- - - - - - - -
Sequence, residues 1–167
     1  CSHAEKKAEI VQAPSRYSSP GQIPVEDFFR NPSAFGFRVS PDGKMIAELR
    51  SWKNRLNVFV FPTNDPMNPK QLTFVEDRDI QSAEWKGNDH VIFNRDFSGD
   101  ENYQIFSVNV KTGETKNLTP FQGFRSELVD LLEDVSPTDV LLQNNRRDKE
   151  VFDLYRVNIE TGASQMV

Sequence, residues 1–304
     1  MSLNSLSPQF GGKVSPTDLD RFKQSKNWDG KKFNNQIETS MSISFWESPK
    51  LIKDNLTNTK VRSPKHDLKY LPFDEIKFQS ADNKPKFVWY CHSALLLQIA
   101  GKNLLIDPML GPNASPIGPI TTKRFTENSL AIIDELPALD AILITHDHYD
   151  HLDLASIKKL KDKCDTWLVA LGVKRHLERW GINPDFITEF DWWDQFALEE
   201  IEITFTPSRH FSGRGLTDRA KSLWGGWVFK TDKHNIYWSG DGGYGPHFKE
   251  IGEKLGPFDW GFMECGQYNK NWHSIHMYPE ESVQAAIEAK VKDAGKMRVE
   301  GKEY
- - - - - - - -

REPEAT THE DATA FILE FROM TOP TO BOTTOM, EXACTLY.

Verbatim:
Sequence, residues 1–167
     1  CSHAEKKAEI VQAPSRYSSP GQIPVEDFFR NPSAFGFRVS PDGKMIAELR
    51  SWKNRLNVFV FPTNDPMNPK QLTFVEDRDI QSAEWKGNDH VIFNRDFSGD
   101  ENYQIFSVNV KTGETKNLTP FQGFRSELVD LLEDVSPTDV LLQNNRRDKE
   151  VFDLYRVNIE TGASQMV

Sequence, residues 1–304
     1  MSLNSLSPQF GGKVSPTDLD RFKQSKNWDG KKFNNQIETS MSISFWESPK
    51  LIKDNLTNTK VRSPKHDLKY LPFDEIKFQS ADNKPKFVWY CHSALLLQIA
   101  GKNLLIDPML GPNASPIGPI TTKRFTENSL AIIDELPALD AILITHDHYD
   151  HLDLASIKKL KDKCDTWLVA LGVKRHLERW GINPDFITEF DWWDQFALEE
   201  IEITFTPSRH FSGRGLTDRA KSLWGGWVFK TDKHNIYWSG DGGYGPHFKE
   251  IGEKLGPFDW GFMECGQYNK NWHSIHMYPE ESVQAAIEAK VKDAGKMRVE
   301  GKEY